TED Talk – What doctor’s don’t know about the drugs they prescribe.

TED Talks are a gift to humanity. My mind has enriched itself in a variety of contributions to existing fields, along with new thoughts and emerging ideas.

I think many of us have encountered countless stories on how doctors prescribe drugs with warm promises based on scientific research, but how some lead to serious problems. Chatting with a friend who holds medical credentials, stated that most doctors simply enter a patient’s symptoms into a diagnosing database and prescribe whatever is recommended. This can be a gamble and can lead to a sleuth of misdiagnosing. 

This is slightly unrelated, but as I sat through my General Biology lectures, nearly half the class was sleeping, Facebooking, watching a movie on laptop, or just didn’t show up. Many among them were students that were aspiring to be doctors, who passed the course with a C or D. Though they were wonderful individuals, will they become the type of doctors who rely on databases or scientific research to heal your child?

On the first day of my statistics class, the professor told us that “…numbers can be manipulated to serve whatever agenda.” Something similar can be said of the pharmaceutical industry. They can manipulate scientific studies to favor whatever drug they are peddling. They can include scientific research that shines their product when marketing and omit the handful of other research that prove its dangers.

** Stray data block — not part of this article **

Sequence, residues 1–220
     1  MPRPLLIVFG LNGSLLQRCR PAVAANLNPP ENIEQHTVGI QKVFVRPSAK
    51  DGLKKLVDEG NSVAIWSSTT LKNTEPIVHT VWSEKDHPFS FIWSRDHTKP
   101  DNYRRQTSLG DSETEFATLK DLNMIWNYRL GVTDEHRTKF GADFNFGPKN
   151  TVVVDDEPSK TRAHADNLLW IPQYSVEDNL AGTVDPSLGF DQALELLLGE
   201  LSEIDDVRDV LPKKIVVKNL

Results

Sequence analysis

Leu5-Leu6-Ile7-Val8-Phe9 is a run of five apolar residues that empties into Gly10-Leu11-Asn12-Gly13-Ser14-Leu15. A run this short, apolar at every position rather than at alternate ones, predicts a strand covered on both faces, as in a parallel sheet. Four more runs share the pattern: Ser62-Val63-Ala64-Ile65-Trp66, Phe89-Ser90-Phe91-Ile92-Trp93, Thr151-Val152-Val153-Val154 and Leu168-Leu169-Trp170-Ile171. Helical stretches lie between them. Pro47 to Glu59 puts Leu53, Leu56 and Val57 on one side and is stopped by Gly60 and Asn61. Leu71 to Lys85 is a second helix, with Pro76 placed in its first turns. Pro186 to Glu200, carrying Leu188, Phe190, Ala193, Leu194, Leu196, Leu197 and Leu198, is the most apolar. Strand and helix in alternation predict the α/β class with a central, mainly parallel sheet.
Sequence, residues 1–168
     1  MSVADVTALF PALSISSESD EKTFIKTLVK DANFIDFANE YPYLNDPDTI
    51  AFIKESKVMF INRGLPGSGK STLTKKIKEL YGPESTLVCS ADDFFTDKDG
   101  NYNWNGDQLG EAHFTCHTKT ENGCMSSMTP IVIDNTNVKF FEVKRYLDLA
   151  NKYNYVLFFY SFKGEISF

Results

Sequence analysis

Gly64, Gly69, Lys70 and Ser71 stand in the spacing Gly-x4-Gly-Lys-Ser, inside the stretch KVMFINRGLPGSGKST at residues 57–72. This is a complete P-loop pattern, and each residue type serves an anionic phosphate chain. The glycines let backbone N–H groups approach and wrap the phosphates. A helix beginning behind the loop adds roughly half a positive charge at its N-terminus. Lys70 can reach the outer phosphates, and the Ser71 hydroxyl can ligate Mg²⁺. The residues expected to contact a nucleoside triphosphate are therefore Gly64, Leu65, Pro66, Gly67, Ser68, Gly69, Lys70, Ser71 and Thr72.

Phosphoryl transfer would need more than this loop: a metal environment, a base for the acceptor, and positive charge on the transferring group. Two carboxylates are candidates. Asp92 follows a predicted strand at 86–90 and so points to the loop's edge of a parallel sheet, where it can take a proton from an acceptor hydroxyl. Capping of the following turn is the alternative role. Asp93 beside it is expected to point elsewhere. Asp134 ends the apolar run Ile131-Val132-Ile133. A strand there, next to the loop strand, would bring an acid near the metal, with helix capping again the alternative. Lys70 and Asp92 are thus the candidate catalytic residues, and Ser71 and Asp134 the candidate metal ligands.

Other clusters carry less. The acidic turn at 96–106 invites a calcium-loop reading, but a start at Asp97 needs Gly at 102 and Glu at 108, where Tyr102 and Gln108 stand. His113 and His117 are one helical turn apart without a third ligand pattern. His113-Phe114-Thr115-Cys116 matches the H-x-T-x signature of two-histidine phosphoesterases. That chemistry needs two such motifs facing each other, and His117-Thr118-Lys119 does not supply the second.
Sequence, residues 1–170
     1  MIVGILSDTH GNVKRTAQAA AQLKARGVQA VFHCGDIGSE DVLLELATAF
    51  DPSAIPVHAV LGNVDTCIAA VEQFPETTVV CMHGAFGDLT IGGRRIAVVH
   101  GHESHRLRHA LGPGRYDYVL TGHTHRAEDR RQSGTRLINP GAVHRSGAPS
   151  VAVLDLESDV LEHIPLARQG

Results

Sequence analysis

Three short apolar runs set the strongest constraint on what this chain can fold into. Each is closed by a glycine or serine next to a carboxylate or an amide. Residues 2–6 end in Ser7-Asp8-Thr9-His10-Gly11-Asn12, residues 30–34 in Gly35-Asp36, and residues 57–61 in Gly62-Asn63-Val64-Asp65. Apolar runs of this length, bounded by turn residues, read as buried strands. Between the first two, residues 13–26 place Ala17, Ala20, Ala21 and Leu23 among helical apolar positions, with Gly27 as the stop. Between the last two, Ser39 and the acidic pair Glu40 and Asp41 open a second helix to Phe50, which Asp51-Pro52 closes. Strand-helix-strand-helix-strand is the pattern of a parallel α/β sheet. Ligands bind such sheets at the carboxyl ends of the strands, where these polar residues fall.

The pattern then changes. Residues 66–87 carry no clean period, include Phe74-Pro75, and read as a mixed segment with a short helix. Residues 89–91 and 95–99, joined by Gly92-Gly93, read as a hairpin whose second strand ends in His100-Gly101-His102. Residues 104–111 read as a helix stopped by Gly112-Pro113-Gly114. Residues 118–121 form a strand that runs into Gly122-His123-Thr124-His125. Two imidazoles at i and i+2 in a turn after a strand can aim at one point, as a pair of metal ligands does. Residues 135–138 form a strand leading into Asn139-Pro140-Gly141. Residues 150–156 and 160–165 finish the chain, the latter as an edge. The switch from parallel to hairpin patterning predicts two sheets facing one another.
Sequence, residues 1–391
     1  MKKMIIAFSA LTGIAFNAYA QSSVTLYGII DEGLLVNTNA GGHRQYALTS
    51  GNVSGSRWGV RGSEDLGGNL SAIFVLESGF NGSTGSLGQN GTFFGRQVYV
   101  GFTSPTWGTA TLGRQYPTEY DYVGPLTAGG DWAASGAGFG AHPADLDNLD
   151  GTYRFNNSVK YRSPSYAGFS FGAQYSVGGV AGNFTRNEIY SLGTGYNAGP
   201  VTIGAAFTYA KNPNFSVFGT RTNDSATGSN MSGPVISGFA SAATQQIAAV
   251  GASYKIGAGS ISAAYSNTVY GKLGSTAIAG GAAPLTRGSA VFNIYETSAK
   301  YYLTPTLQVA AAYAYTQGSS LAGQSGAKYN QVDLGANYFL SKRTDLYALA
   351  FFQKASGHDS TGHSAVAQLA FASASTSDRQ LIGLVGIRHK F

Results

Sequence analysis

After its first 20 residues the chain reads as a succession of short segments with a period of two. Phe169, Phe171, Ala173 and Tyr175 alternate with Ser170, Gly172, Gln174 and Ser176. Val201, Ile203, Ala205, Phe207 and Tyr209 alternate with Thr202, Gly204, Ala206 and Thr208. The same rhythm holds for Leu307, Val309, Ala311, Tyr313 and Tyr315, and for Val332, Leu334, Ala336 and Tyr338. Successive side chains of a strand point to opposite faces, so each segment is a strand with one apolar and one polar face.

This is a huge problem.

British physician Ben Goldacre did a fantastic TED Talk describing the dangers of this problem and what can be done about it. He also has written a book on the issue: Bad Pharma: How Drug Companies Mislead Doctors and Harm Patients. Video:

Video – A concise introduction to NAGPRA

Part of the requirements for my Ancient North American Archaeology course entail a few presentations on course topics. For some odd reason, NAGPRA caught my attention. NAGPRA (Native Americans Graves and Repatriation Act) is a Federal law passed in 1990 that protects the remains and cultural objects of Native Americans along with repatriation when requested. It became clear that any archaeologist excavating in America would be affected by this law, so I decided to do a video presentation on this topic.

I uploaded the video to YouTube so that perhaps it may be of help to others. It is a concise intro with a short story on Ishi inserted at the beginning. I believe in the power of StoryTelling as a learning tool that also involves an example of what is being taught.

Here is the video:

Archaeology, Geology, and Science